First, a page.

Subject: I have found a DVD that I think you would enjoy
Actors: Amanda Peet, Dermot Mulroney
Genres: Comedy, Drama, Television
GRIFFIN AND PHOENIX is a poignantly funny love story about two people who face a seemingly insurmountable obstacle that may stand between them and a last chance at love.
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Member Movie Reviews
Jerry S. from OCEANSIDE, CA
Reviewed on 9/8/2013...
Very Heart Warming. Loved It
This movie will make you rethink your priorities
Andrew Bauer | Durham, NC | 08/20/2007
(5 out of 5 stars)
"I actually first caught this movie on the Lifetime Movie Network, and had never heard of it before that. However, I soon found myself engrossed in it. It's not your typical love story, but that's what is so good about it. Two people meet and slowly fall in love, but there's a big secret that each of them has that they're not sharing with the other that ends up making all the difference in how they relate to each other. By the time you finish watching this movie, you'll have rethought everything about your life and how you're living it, and if you have a significant other, you'll both be brought closer by this story. It's a very powerful love that these two people share, made all the more intense by their situation. This may not be a blockbuster, but I highly recommend that anyone who has ever spent their time whining about how hard they have it pick this up and watch it."
A Different Kind of Love Story: Balance in Life
Grady Harp | Los Angeles, CA United States | 09/18/2007
(4 out of 5 stars)
"GRIFFIN & PHOENIX is a quiet little made for television film that touches the vulnerable heart. Originally written in 1976 as a television film by John Hill, this thirty-years-later version holds up well, and the fact that audiences will still opt for sensitive stories that treat difficult topics in a mature manner, adding warmly humorous touches to a potentially maudlin idea, speaks well for our continuing tastes.
From the opening frames of the film we learn that Griffin (Dermot Mulroney) has inoperable cancer: his frank and compassionate physician (Lois Smith) aligns him with reality. Griffin is a divorced father of two boys and his first attempt to find meaning in his limited time is to spend time with them, an attempt partially thwarted by his ex-wife. Once a workaholic, Griffin attends a class on death and dying at the university and there he meets the rather strange and isolated Phoenix (Amanda Peet). Griffin's new take on life encourages him to go after the seemingly impenetrable Phoenix and through a series of wildly frivolous escapades he courts her and they gradually fall in love - something neither felt they could do. They cope with issues of intimacy and finally Phoenix shares her secret with Griffin, a secret that plunges them headlong into a fully blossomed romance. How the two cope with the inevitable is well handled, rarely bordering on sappy, and always holding our compassion.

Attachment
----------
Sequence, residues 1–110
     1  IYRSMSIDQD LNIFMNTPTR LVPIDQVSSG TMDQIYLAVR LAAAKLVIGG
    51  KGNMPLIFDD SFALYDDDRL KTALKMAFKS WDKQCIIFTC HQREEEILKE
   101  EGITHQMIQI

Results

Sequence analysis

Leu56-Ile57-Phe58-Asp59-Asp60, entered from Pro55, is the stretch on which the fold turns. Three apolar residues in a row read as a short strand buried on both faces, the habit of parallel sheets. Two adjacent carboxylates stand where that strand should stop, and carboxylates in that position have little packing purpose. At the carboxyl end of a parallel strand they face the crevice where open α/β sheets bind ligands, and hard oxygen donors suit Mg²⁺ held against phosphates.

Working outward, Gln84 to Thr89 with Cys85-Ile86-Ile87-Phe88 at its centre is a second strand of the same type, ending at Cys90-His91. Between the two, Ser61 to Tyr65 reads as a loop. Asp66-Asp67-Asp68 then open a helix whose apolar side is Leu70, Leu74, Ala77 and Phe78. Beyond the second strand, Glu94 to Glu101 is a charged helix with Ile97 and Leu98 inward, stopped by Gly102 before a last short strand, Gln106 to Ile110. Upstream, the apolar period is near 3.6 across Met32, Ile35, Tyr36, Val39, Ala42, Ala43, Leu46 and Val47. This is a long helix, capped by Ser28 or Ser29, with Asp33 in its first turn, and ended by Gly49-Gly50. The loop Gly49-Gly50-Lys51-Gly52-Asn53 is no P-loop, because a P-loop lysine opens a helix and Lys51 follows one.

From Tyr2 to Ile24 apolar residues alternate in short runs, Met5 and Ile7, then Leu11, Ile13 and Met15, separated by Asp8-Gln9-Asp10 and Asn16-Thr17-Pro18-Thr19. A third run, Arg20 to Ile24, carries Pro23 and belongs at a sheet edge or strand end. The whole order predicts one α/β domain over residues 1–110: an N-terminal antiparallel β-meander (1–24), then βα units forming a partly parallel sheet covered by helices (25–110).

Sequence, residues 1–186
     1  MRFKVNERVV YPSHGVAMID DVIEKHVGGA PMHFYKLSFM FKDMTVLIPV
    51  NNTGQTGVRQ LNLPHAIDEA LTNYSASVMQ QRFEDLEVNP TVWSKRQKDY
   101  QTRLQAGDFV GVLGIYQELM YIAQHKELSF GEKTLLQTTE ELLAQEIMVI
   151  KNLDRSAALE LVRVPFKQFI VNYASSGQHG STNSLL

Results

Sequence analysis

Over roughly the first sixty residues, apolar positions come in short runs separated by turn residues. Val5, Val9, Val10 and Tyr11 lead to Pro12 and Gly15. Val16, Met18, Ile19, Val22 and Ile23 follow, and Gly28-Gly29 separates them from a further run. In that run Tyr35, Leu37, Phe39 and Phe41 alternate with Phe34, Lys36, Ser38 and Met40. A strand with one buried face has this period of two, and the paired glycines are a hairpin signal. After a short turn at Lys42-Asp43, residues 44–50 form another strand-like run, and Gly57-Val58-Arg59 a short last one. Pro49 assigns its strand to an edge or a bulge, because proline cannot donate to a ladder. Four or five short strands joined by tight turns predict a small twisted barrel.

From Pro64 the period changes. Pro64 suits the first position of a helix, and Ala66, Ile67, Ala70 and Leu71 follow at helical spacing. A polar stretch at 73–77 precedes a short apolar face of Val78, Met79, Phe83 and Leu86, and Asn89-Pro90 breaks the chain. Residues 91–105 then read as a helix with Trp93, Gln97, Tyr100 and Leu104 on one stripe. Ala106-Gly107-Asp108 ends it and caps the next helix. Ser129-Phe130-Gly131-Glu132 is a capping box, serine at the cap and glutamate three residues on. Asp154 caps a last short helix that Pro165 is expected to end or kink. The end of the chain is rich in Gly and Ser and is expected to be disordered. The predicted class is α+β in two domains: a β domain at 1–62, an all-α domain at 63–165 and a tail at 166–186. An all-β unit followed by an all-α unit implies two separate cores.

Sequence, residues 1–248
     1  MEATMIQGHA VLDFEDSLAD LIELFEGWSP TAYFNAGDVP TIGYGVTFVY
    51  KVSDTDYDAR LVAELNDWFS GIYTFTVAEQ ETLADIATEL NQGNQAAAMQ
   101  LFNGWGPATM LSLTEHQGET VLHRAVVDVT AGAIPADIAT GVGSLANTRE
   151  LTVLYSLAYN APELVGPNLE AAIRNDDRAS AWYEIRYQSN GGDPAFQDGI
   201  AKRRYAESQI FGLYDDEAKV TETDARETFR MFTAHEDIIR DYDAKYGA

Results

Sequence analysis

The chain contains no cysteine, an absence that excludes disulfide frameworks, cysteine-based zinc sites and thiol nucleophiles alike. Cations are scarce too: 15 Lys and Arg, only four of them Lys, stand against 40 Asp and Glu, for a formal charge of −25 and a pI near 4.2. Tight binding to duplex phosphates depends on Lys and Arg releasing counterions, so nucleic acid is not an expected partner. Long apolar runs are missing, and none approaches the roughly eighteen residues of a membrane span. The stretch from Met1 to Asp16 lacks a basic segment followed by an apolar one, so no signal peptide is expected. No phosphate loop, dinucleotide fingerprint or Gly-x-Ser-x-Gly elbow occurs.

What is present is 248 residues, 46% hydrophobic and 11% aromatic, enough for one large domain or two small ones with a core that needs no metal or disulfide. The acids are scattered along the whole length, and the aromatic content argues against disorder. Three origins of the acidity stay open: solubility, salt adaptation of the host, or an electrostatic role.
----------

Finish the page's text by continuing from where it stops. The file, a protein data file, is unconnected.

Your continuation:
Director Ed Stone paces the film well, inserting moments of extended silence to match the emotional atmosphere, allowing breathing space. Both Peet and Mulroney create believable three-dimensional characters and are well supported by such solid actors as Lois Smith, Sarah Paulson, and Novella Nelson. The story may have sad aspects, but the cast always allows the humor inherent in any life event to come through. And that is one of the several reasons the film works well. Grady Harp, September 07
No Comedy This
John Rundell | Castle Rock, Colorado | 01/29/2008
(3 out of 5 stars)
"The jacket notes bill this movie as a "heartwarming romantic comedy" and Amazon's product description refers to it as "funny". Please: Heartwarming and romantic it may be, but a comedy its not -- from the very first scene it's about death, and it's not black humor. No living happily ever after here. Good drama; no romantic comedy."